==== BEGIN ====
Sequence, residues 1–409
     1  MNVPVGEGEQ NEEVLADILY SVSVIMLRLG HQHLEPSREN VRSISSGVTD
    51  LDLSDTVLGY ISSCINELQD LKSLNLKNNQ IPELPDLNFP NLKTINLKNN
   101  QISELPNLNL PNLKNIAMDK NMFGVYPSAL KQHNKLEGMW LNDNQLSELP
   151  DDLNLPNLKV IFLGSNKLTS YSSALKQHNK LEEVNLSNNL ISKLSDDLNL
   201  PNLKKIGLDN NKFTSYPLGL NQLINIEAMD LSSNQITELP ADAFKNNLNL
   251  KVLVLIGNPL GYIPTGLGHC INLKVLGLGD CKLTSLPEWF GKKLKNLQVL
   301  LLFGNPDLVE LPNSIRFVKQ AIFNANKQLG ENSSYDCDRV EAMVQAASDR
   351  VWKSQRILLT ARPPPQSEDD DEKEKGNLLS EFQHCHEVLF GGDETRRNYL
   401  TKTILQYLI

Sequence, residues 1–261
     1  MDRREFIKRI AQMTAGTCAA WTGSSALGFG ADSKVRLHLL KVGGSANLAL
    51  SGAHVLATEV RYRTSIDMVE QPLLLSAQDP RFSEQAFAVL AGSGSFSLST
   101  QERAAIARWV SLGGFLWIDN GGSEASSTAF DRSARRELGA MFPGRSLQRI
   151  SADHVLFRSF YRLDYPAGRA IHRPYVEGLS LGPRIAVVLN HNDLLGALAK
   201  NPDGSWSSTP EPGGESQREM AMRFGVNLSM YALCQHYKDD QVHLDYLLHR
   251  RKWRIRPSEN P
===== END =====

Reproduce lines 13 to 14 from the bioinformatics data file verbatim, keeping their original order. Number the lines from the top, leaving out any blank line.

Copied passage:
    51  SGAHVLATEV RYRTSIDMVE QPLLLSAQDP RFSEQAFAVL AGSGSFSLST
   101  QERAAIARWV SLGGFLWIDN GGSEASSTAF DRSARRELGA MFPGRSLQRI